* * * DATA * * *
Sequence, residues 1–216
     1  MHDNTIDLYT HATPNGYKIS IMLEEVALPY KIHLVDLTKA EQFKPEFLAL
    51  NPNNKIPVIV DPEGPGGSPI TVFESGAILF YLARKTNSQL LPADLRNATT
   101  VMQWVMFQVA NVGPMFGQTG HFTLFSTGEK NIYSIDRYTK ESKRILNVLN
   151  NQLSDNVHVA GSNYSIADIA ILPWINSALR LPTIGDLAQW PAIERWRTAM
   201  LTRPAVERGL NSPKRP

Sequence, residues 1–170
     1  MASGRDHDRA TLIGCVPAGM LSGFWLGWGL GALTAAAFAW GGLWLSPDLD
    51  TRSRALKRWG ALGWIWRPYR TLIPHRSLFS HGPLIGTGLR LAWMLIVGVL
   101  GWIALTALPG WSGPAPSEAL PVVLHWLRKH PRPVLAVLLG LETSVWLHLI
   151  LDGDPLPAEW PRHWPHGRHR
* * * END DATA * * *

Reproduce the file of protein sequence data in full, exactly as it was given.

Sequence, residues 1–216
     1  MHDNTIDLYT HATPNGYKIS IMLEEVALPY KIHLVDLTKA EQFKPEFLAL
    51  NPNNKIPVIV DPEGPGGSPI TVFESGAILF YLARKTNSQL LPADLRNATT
   101  VMQWVMFQVA NVGPMFGQTG HFTLFSTGEK NIYSIDRYTK ESKRILNVLN
   151  NQLSDNVHVA GSNYSIADIA ILPWINSALR LPTIGDLAQW PAIERWRTAM
   201  LTRPAVERGL NSPKRP

Sequence, residues 1–170
     1  MASGRDHDRA TLIGCVPAGM LSGFWLGWGL GALTAAAFAW GGLWLSPDLD
    51  TRSRALKRWG ALGWIWRPYR TLIPHRSLFS HGPLIGTGLR LAWMLIVGVL
   101  GWIALTALPG WSGPAPSEAL PVVLHWLRKH PRPVLAVLLG LETSVWLHLI
   151  LDGDPLPAEW PRHWPHGRHR